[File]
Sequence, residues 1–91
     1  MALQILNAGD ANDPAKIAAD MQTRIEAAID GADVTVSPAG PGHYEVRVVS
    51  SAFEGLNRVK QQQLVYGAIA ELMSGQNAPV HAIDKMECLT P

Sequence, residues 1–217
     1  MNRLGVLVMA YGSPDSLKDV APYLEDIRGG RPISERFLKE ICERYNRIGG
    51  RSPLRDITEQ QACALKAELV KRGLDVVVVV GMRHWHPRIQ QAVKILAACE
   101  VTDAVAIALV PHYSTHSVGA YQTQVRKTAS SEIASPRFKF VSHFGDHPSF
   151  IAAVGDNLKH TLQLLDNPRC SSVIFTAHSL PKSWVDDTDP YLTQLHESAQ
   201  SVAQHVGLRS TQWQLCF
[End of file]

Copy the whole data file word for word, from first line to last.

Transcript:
Sequence, residues 1–91
     1  MALQILNAGD ANDPAKIAAD MQTRIEAAID GADVTVSPAG PGHYEVRVVS
    51  SAFEGLNRVK QQQLVYGAIA ELMSGQNAPV HAIDKMECLT P

Sequence, residues 1–217
     1  MNRLGVLVMA YGSPDSLKDV APYLEDIRGG RPISERFLKE ICERYNRIGG
    51  RSPLRDITEQ QACALKAELV KRGLDVVVVV GMRHWHPRIQ QAVKILAACE
   101  VTDAVAIALV PHYSTHSVGA YQTQVRKTAS SEIASPRFKF VSHFGDHPSF
   151  IAAVGDNLKH TLQLLDNPRC SSVIFTAHSL PKSWVDDTDP YLTQLHESAQ
   201  SVAQHVGLRS TQWQLCF